We are most pleased to invite you on the 8th of July at 19.00 at the premises of Science 14 Atrium to participate in an evening of discussion on EU trade policies towards the east and the west of the world with our distinguished speakers:
- Ms Elena Peresso, Member of Cabinet of Commissioner for Trade,
- Mr Richard Howitt MEP(S&D/UK), and
- Mr Cédric Dupont, Professor of Political Science and Director of the Executive Education at the Graduate Institute, Geneva.
The debate will be moderated by Stéphanie Hofmann, Associate Professor of Political Science and Deputy Director, Centre for Conflict, Development and Peacebuilding of the Graduate Institute, Geneva.
This event is kindly sponsored by:
About the debate
In 2010, the European Commission communication concerning “trade, growth and world affairs” aimed at revisiting the EU trade policy strategies set out in the previous Commission’s “Global Europe” release of the year 2006, while acknowledging the role of external economic relations as a vital catalyst for growth and job creation, as well as the need to coordinate the EU’s internal and external policies. The Commission committed itself “to asserting the EU more effectively on the world stage by actively contributing to shaping the future global economic order and defending the European interest worldwide”. This important shift in EU trade policy was due not only to the need to respond to the economic crisis, to keep pace with a fast-changing global environment and to cope with the challenges posed by emerging economies, but was also a consequence of the entry into force of the Lisbon Treaty, which mandated the Commission to both include the European Parliament in the decision-making process and to ensure stricter consistency with the principles and the objectives of the Union’s external action.
In this strategy, a stream of new bilateral trade and investment agreements, negotiations and internal reforms, such as the revision of trade defence instruments, the reciprocity principle for access to public procurement and the generalised systems of preferences, have been put forward. Meanwhile, trade disputes between the EU and China, as well as the EU dissatisfaction with China’s implementation of WTO rules, the negotiation of a Transatlantic agreement with the United States and the far-reaching consequences of the EU-Ukraine trade agreement featured high on the EU institutional and political agenda before and during the Parliamentary elections. This new setting induced several commentators to point out that, while the traditional EU strategy favouring a multilateral approach has faded into a modus operandi which privileges the use of bilateral agreements, it should also be appreciated that “the Commission has had the arduous task of finding a common denominator and delivering results” due to member states’ conflicting interests and approaches towards trade policies.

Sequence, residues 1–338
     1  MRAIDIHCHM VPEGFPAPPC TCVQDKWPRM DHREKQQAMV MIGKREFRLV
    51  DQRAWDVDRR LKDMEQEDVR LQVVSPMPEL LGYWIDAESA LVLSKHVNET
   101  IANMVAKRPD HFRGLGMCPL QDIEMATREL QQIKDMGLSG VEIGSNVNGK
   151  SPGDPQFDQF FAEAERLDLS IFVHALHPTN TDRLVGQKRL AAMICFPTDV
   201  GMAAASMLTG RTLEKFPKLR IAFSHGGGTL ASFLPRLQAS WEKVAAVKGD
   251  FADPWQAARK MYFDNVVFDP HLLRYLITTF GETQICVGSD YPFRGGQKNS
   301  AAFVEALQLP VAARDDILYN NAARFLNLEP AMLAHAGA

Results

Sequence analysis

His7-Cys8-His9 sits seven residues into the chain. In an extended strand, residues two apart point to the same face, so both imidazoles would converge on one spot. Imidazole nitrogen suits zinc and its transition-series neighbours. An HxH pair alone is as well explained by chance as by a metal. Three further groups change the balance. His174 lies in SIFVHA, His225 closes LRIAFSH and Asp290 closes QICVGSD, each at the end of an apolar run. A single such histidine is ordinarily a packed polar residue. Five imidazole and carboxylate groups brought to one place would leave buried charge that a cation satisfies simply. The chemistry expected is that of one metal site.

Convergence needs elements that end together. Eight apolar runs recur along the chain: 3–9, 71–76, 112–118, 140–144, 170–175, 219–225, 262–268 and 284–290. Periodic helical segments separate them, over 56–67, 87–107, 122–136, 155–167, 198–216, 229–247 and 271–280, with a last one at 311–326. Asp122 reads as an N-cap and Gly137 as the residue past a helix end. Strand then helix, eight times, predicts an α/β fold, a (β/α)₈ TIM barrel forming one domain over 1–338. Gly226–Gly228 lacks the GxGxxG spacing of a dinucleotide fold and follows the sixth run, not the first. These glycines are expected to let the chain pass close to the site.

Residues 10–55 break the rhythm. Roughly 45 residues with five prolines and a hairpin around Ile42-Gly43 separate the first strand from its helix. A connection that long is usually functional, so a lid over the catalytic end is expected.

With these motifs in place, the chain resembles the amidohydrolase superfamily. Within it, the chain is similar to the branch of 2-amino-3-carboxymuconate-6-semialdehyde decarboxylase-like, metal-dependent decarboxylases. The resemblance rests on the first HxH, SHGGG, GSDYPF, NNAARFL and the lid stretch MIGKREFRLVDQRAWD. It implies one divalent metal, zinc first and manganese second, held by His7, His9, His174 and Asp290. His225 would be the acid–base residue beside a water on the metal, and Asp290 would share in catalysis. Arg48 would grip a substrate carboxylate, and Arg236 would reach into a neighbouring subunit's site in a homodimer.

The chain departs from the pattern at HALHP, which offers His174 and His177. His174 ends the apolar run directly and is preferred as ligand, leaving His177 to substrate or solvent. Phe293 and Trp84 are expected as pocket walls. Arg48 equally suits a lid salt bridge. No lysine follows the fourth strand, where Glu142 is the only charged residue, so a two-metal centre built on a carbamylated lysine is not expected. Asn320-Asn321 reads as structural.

It is no secret that, in the last decade, the EU has faced a number of new challenges and its policy instruments have changed accordingly. The phenomena of globalisation, delocalisation and the setting up of integrated supply chains, along with the rise of new economic powers, have reshaped Europe’s economic and trade structure. As the incoming European Commission still has to take office, it is crucial to pre-plan the future of the European trade policy in order to understand if the EU is acting in its best interests. Will the European Union be able to act more effectively, both by converging possible conflicting approaches and better defining the nature of the Common Commercial Policy? Will it eventually increase its influence in the global arena, or commit to international treaties that will severely limit its policy space in domains of key concern for the EU citizens such as food, health, migration and environment?
The event will commence with a welcome drink at 7h00 pm, followed by a debate at 7h30 pm. After the debate there will be an opportunity for questions and discussions. We look forward to seeing you at 7h00 pm on the 8th of July at Science14 Atrium, rue de la Science, 14-B, Brussels.